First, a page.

Tales starring Cate Blanchett (search), Christian Bale (search), Nick Nolte (search) and Robin Wright Penn (search) are among the movies looking to grab Hollywood's attention at North America's biggest film festival.
Nine additional movies were announced Tuesday for the Toronto International Film Festival (search), which runs Sept. 8-17. All the films will be seeking distributors at the festival, a prime spot for studios to acquire movies as well as show off key fall releases and Academy Award contenders.
Blanchett stars with Sam Neill and Hugo Weaving in "Little Fish" (search), about a woman who becomes involved in a menacing drug deal while trying to raise money to open an Internet cafe.
"Harsh Times" (search) stars Bale and Freddy Rodriguez as out-of-work pals whose lives spiral downward during a fun-seeking spree in South Central Los Angeles.
Nolte, Aaron Eckhart, Ian McKellen and Brittany Murphy are featured in "Neverwas" (search), a drama about a psychiatrist who takes a job at a mental hospital where his father resides.
Wright Penn stars in "Sorry, Haters" (search), about a career woman who develops a relationship with an Arab cab driver (Abdel Kechiche) amid the aftermath of the Sept. 11 attacks.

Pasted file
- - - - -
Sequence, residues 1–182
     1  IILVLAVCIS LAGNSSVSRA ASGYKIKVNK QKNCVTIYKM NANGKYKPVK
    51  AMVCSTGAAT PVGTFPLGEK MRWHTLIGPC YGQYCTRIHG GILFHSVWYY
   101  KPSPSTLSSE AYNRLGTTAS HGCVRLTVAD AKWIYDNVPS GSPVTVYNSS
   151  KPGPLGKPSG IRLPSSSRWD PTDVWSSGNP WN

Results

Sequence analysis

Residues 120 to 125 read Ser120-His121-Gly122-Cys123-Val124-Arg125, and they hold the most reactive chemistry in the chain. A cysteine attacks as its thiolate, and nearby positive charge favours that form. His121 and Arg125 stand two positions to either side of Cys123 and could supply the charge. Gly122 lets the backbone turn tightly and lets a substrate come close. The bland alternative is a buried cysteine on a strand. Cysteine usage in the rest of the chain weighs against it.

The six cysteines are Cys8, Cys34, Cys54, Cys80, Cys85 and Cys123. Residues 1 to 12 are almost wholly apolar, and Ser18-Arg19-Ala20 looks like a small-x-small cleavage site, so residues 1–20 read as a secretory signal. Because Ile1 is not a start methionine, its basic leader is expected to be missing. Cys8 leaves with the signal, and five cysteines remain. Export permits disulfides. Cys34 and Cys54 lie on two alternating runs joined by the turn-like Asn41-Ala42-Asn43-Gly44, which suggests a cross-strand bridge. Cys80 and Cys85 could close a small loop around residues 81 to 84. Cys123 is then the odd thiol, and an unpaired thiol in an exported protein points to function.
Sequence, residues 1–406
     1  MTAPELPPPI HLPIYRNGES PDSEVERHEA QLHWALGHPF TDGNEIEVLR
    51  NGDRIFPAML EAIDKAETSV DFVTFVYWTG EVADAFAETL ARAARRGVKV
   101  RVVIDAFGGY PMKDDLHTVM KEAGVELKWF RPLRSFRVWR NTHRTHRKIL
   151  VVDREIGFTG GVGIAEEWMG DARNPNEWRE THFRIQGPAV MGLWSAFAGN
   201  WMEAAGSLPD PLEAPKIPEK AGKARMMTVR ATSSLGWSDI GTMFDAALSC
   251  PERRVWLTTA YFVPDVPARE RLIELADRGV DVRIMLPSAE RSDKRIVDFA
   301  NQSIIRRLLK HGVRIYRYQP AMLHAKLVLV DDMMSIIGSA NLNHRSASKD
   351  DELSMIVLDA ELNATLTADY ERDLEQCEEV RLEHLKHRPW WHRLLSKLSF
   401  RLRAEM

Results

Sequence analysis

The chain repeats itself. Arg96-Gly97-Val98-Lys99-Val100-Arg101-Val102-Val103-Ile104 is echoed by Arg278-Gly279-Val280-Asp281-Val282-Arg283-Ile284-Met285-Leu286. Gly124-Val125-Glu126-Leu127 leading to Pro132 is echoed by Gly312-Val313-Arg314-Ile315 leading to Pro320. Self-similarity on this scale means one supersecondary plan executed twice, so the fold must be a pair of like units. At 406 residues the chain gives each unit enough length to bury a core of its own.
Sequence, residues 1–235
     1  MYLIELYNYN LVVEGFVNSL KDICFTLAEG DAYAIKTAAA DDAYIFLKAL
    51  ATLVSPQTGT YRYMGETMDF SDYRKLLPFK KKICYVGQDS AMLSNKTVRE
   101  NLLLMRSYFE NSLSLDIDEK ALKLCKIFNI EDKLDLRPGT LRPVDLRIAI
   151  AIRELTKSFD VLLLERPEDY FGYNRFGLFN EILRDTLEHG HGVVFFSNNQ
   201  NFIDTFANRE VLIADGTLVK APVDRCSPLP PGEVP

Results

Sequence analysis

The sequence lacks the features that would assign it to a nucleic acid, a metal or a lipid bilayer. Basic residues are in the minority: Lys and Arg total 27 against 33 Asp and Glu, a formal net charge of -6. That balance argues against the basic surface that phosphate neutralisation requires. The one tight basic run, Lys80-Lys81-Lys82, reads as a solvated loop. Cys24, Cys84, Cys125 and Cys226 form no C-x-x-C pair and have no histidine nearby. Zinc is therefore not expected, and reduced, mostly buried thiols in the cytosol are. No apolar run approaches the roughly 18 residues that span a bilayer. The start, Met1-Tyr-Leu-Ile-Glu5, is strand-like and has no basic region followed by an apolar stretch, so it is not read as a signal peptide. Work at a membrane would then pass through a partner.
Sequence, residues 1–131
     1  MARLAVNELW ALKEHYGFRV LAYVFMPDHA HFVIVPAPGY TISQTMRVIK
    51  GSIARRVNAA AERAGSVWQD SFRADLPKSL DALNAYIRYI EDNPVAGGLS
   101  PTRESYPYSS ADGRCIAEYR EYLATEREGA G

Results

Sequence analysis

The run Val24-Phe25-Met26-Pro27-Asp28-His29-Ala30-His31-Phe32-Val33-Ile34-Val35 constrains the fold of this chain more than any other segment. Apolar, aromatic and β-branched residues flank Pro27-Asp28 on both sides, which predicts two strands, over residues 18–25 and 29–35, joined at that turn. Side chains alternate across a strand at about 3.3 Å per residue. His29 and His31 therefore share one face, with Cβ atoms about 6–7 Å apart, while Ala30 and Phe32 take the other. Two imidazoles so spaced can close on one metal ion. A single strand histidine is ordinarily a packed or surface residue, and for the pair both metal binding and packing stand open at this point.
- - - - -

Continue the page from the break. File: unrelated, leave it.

Also premiering at the Toronto festival: Terry Gilliam's "Tideland," the tale of a teen (Jodelle Ferland) who concocts a vivid fantasy life to cope with her hard upbringing. Jeff Bridges and Jennifer Tilly co-star.
Other Toronto films announced Tuesday were "L'Enfer," a drama about three sisters from Danis Tanovic, director of the Oscar-winning "No Man's Land"; "Brothers of the Head," a mockumentary by directors Keith Fulton and Louis Pepe about conjoined twins enlisted by a 1970s music promoter; "Bam Bam and Celeste," a road-trip tale written by and starring Margaret Cho; and "Winter Passing," starring Zooey Deschanel, Ed Harris and Will Ferrell in the story of a woman reunited with her reclusive father.
Previously announced Toronto films include Gwyneth Paltrow and Anthony Hopkins' "Proof," Cameron Diaz's "In Her Shoes," Keira Knightley's "Pride and Prejudice" and Steve Martin's "Shopgirl."